British Prime Minister Boris Johnson on Sunday outlined a six-point plan to resolve the Russia-Ukraine crisis, calling for renewed international efforts to bring an end to the conflict. Writing in 'The New York Times' ahead of hosting world leaders at 10 Downing Street in London next week, Johnson reiterated that Russian President Vladimir Putin must fail in his attempt to rewrite the rules of international order "by military force".
His six-point plan of how the international community should work towards resolving the crisis covers humanitarian and military support, economic sanctions, an attempt to find a diplomatic solution, and a renewed effort to strengthen security across Europe. "Putin must fail and must be seen to fail in this act of aggression. It is not enough to express our support for the rules-based international order – we must defend it against a sustained attempt to rewrite the rules by military force,” writes Johnson. "The world is watching. It is not future historians but the people of Ukraine who will be our judge," he said.
The six points covered in his strategy include:
i. World leaders should mobilise an "international humanitarian coalition" for Ukraine
ii. They should also support Ukraine "in its efforts to provide for its own self-defence"
iii. Economic pressure on Russia should be ratcheted up
iv. The international community must resist Russia's "creeping normalisation" of its actions in Ukraine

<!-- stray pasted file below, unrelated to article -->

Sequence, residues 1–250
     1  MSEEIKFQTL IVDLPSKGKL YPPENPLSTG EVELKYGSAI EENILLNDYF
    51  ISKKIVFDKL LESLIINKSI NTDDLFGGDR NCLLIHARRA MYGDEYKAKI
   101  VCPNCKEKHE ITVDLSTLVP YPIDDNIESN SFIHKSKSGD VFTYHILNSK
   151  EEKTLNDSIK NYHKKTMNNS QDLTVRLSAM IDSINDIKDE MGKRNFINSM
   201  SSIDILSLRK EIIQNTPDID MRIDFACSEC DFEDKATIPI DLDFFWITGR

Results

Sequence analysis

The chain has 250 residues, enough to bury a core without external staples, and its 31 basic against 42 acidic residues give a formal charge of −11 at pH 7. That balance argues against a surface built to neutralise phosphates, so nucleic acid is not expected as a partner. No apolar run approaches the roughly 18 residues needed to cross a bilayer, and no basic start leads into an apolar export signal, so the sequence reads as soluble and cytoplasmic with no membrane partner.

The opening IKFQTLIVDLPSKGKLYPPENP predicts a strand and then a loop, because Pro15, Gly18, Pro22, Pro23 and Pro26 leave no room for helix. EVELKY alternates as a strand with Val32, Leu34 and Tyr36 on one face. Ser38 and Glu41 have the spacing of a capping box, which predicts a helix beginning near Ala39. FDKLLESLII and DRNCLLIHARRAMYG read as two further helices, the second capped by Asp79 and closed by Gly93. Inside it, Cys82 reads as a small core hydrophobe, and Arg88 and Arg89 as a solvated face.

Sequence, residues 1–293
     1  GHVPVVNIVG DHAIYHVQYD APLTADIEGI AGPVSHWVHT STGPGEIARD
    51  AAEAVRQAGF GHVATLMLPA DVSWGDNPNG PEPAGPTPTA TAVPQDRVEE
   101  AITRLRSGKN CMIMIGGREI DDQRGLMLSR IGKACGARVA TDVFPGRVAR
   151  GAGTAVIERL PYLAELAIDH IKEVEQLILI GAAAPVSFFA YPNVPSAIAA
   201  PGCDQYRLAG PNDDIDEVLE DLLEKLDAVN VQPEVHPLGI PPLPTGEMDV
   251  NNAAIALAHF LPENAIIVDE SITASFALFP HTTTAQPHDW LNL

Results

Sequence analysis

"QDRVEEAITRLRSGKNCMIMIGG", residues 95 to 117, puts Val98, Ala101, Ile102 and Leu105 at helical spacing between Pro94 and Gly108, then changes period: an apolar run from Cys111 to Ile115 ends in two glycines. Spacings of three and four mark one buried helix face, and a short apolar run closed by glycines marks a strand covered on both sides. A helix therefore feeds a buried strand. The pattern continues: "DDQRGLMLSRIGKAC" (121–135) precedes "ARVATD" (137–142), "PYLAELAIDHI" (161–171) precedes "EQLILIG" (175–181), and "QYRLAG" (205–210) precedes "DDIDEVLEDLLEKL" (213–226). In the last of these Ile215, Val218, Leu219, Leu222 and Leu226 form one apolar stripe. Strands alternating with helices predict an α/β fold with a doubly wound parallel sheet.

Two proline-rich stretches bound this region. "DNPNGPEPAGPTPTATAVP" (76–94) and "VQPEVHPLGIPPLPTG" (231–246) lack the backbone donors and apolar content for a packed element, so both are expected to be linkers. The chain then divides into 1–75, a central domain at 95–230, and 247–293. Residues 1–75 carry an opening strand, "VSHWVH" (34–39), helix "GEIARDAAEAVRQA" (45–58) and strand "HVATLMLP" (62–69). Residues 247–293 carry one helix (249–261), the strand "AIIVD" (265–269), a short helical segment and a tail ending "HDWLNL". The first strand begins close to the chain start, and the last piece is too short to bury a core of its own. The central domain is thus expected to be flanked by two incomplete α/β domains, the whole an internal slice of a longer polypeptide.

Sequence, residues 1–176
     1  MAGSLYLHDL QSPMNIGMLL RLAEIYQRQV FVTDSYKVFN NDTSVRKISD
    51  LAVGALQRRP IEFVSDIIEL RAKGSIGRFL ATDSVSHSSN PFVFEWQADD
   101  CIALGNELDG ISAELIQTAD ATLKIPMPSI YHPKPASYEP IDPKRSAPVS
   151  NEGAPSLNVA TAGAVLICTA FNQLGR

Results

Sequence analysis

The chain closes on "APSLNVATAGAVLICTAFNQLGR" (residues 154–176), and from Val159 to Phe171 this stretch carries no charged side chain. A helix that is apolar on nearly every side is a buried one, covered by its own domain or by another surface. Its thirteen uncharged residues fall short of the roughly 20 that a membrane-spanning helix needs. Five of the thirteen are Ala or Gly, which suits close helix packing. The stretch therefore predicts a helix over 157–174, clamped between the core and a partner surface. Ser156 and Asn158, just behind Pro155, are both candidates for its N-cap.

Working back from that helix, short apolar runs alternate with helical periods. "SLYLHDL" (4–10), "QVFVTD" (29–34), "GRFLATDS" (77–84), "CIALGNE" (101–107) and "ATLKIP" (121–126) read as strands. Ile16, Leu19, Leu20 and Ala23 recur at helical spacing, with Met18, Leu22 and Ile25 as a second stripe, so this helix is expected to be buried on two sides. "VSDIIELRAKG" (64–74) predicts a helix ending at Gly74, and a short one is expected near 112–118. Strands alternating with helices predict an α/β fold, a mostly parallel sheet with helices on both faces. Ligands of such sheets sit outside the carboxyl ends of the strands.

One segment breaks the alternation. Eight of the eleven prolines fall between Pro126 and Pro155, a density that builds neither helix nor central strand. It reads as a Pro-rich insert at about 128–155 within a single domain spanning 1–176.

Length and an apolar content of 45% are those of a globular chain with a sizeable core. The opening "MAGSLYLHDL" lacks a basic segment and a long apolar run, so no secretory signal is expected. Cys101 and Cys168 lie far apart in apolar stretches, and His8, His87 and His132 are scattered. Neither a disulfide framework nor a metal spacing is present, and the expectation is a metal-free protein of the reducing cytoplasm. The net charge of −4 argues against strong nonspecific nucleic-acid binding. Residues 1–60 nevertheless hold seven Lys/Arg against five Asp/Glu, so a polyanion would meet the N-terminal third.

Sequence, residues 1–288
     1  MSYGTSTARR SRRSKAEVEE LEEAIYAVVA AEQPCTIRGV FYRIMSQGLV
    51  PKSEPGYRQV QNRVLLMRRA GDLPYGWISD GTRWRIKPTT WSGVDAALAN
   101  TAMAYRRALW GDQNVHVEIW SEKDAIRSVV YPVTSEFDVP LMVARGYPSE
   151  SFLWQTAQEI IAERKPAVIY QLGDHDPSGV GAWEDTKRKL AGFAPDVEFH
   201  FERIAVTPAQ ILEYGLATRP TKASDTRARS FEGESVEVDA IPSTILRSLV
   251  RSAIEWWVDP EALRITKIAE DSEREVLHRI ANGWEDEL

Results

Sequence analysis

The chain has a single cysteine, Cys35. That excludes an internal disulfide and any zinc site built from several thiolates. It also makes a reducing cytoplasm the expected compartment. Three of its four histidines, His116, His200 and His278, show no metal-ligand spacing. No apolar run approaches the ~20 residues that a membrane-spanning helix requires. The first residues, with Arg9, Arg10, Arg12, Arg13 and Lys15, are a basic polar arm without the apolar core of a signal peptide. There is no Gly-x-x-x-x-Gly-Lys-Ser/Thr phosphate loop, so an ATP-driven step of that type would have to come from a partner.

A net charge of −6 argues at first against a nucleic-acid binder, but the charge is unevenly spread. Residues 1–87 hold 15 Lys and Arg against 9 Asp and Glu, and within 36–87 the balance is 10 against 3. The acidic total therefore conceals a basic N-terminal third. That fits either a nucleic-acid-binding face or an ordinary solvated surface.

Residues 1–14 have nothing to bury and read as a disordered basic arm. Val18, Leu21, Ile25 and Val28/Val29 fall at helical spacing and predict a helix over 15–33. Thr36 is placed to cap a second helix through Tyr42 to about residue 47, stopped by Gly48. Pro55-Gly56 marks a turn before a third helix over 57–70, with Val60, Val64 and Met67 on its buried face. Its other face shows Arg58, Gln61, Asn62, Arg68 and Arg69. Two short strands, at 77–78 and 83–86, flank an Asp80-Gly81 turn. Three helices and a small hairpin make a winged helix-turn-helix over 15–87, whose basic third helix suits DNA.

v. Diplomatic resolutions to the war must be pursued, but only with the full participation of Ukraine's legitimate government
vi. There should be a "rapid campaign to strengthen security and resilience" among North Atlantic Treaty Organisation (NATO) countries
Canadian Prime Minister Justin Trudeau and Dutch PM Mark Rutte will visit him for talks on Monday, followed by leaders of the V4 group of central European nations – the Czech Republic, Hungary, Poland and Slovakia – on Tuesday. The Opposition Labour Party is calling on Johnson to bring forward new legislation to block Russian oligarchs from pursuing high-cost legal claims through British courts to avoid sanctions. The so-called Strategic Lawsuits Against Public Participation have previously been used to censor and threaten journalists and activists.
"We are already behind the rest of the world in enforcing sanctions against oligarchs funding Putin's murderous invasion of Ukraine,” said Labour Leader Keir Starmer. "We can't then also give room for them to sue their way out of sanctions, while gagging the UK's media. Lawfare is not the way we do things in this country. The freedom of the British press is to be cherished, respected, and protected," he said. Meanwhile, UK Defence Secretary Ben Wallace has warned President Putin not to underestimate the West as he said if allies stuck together and refused to be intimidated, he was sure the Russian leader would fail in his invasion of Ukraine.
In an interview with ‘The Sunday Telegraph’, Wallace said the West "must not be afraid of Putin", who he said was "acting irrationally and inflicting horrors on Ukraine". In the latest UK Ministry of Defence (MoD) assessment of the ongoing conflict, the scale and strength of Ukrainian resistance to Russian attacks has been lauded.
With PTI Inputs